- Clinical science
Guillain-Barré syndrome (GBS) is an acute postinfectious polyneuropathy characterized by symmetric and ascending flaccid paralysis. In affected patients, cross‑reactive autoantibodies attack the host's own axonal antigens, resulting in inflammatory and demyelinating polyneuropathy. Albuminocytologic dissociation, characterized by elevated protein levels and normal cell counts in cerebrospinal fluid (CSF), is a hallmark finding of GBS. Additionally, muscle and nerve electrophysiology are used to diagnose demyelinating processes. Symptomatic and supportive treatment results in disease remission in about 70% of cases. In severe cases or patients who do not respond to treatment, intravenous immunoglobulin (IVIG) administration and/or plasmapheresis may be used. Potentially acute life-threatening complications such as respiratory insufficiency, pulmonary embolism, and/or cardiac arrest increase mortality. Although GBS is associated with a good prognosis overall, up to 20% of patients remain severely disabled and approximately 5% of cases are fatal, despite immunotherapy.
- Incidence: 1–4 cases per 100,000
- Sex: ♂ > ♀ (1.5:1)
- Adults are affected more frequently than children.
Epidemiological data refers to the US, unless otherwise specified.
- About ⅔ of GBS patients experience symptoms of an upper respiratory or gastrointestinal tract infection 1–4 weeks prior to onset of GBS.
- Pathogens associated with GBS: Campylobacter jejuni, Cytomegalovirus, Epstein-Barr virus, HIV, influenza, and Mycoplasma pneumoniae
- Postinfectious autoimmune reaction that generates cross-reactive antibodies (molecular mimicry)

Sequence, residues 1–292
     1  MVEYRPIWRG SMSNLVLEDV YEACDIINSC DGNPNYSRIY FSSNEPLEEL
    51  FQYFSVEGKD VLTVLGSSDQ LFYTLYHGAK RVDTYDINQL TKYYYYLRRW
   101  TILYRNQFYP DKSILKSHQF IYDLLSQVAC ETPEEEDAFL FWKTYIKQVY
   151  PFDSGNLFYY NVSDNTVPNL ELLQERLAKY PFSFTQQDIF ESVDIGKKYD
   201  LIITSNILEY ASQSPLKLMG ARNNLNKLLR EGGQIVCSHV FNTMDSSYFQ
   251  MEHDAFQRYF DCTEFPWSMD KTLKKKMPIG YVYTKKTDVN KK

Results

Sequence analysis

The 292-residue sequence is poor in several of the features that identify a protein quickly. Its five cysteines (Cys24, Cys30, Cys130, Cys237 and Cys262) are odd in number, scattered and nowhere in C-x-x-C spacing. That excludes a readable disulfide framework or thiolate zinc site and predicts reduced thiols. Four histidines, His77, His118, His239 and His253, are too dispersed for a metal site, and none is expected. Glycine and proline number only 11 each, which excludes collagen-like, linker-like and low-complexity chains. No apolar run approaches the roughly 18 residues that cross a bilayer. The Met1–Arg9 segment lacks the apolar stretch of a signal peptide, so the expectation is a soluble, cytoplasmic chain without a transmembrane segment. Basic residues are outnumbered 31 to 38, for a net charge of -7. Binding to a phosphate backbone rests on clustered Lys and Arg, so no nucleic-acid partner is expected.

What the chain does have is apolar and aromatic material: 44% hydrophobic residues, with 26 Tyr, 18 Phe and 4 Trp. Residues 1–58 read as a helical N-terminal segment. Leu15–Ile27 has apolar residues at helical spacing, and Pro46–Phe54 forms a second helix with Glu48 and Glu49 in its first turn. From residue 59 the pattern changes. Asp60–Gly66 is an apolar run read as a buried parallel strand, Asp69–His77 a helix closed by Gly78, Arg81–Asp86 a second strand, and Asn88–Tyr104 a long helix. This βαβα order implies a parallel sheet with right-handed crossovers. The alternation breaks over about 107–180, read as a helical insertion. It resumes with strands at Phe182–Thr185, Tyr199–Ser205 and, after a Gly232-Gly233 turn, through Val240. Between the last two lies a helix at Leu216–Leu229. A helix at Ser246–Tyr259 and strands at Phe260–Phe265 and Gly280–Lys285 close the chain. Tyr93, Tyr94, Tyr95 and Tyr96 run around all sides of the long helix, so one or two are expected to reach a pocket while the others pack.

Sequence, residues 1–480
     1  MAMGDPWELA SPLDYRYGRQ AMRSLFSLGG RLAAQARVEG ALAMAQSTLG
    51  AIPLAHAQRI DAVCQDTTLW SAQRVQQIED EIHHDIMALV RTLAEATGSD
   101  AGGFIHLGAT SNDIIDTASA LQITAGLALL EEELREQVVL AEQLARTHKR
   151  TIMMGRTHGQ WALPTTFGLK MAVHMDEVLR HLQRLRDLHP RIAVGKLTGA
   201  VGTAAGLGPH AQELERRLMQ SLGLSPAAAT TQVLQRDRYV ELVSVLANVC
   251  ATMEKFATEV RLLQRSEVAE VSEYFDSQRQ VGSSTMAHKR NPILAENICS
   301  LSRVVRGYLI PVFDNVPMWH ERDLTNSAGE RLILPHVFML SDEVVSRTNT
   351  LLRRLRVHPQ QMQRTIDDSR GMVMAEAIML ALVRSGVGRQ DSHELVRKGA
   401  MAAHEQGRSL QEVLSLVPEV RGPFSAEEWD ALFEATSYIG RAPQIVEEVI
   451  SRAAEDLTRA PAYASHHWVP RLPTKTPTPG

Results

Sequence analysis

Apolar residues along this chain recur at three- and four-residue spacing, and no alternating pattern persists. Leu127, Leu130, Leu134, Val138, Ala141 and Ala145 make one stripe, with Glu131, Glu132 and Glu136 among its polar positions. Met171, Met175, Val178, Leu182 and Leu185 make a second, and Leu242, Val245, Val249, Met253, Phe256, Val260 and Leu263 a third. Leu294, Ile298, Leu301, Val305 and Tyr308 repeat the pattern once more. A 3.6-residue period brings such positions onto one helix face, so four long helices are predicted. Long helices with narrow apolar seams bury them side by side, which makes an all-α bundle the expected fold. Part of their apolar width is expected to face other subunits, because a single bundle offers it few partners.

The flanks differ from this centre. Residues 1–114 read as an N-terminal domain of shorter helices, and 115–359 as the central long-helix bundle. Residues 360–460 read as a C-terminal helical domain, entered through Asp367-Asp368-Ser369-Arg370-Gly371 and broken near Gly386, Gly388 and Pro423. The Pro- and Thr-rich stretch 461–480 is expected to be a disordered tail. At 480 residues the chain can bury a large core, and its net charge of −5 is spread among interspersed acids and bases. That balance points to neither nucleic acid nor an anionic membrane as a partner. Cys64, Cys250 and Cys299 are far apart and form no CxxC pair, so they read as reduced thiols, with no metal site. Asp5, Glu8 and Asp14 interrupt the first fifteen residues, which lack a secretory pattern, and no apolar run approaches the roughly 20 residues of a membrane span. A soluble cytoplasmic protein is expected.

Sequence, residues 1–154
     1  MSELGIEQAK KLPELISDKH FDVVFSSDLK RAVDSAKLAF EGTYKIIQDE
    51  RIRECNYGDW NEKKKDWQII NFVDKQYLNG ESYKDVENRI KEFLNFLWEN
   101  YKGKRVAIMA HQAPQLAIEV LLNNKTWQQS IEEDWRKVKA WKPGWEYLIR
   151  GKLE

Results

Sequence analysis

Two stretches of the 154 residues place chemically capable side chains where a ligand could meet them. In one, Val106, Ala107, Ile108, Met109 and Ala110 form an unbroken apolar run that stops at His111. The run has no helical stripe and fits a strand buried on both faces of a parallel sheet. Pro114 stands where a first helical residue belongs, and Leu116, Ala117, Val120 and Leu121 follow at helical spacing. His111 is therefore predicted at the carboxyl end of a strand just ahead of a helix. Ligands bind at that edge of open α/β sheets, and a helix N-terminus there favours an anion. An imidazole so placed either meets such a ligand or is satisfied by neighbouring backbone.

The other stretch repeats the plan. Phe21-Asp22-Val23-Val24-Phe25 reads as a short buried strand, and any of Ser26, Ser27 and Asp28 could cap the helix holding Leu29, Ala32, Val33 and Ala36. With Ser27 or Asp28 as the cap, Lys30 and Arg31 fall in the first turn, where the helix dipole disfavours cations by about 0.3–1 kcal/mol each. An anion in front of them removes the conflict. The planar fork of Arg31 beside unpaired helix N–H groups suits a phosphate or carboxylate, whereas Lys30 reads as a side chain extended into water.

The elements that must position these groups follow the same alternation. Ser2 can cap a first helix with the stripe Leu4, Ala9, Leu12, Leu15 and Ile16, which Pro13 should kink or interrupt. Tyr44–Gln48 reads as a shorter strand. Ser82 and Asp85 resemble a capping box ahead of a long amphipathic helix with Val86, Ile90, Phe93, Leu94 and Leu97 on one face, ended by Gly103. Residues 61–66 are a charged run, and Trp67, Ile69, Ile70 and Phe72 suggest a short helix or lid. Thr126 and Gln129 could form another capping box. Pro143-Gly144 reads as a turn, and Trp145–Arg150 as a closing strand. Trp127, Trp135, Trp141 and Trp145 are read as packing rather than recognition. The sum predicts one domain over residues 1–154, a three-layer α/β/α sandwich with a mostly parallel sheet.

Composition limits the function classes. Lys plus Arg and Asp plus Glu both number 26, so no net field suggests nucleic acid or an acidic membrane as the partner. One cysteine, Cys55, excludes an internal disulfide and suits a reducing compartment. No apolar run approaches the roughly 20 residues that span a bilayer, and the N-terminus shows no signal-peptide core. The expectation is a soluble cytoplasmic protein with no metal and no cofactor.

- Infection triggers humoral response → autoantibodies against gangliosides or other unknown antigens of peripheral Schwann cells → immune-mediated segmental demyelination → axonal degeneration
- Initial symptoms: back and limb pain, esp. paresthesias affecting distal extremities
- Ascending paralysis: Bilateral flaccid paralysis spreads from the lower to the upper limbs in a “stocking‑glove” distribution.
- Reduced or absent muscle reflexes
- Peripheral, symmetric paresthesias in the hands and feet
- Neuropathic pain develops in about ⅔ of patients
- Cardiovascular autonomic dysfunction (arrhythmia), voiding dysfunction, and/or intestinal dysfunction
GBS paralysis affects the muscles of respiration, possibly leading to death due to respiratory failure!
|Acute inflammatory demyelinating polyneuropathy|| || |
|Chronic inflammatory demyelinating polyneuropathy (CIDP)|| || |
|Miller-Fisher syndrome|| || || || |
|Multifocal motor neuropathy (MMN)|| || |
|Acute pandysautonomia|| || |
- Cerebrospinal fluid
- To identify potential pathogens (e.g., Campylobacter jejuni)
- Detection of antibodies directed against gangliosides (e.g., anti‑GM1 antibodies)
- Slightly elevated myoglobin and total CK blood levels
- Electroneurography: reduced nerve conduction velocity (NCV) due to demyelination : increased
- Electromyography: signs of denervation and pathologic spontaneous activity (unfavorable prognostic sign)
- ECG: Autonomic cardiac dysregulation → impaired heart frequency variation.
- Supportive management
- High dose of intravenous immunoglobulins
- In adults: equivalent outcome as IV immunoglobulins
- In children: only recommended in children with rapidly progressing or severe disease
Although GBS is considered an autoimmune disease, glucocorticoids are not recommended for treatment. They have not shown to hasten recovery or affect the long-term outcome.
- Up to 70% of patients with GBS have a good prognosis: Disease progression peaks 2–4 weeks after the onset of symptoms. Symptoms then recede in reverse order of their development, i.e., the last symptoms to appear resolve first, as Schwann cells remyelinate peripheral nerve axons.
- 3–7% of patients with GBS die due to acute complications such as respiratory paralysis (apnea), pulmonary infection, pulmonary embolism, or cardiac dysfunction.
Death can occur as many as > 30 days after onset of symptoms, during the recovery phase!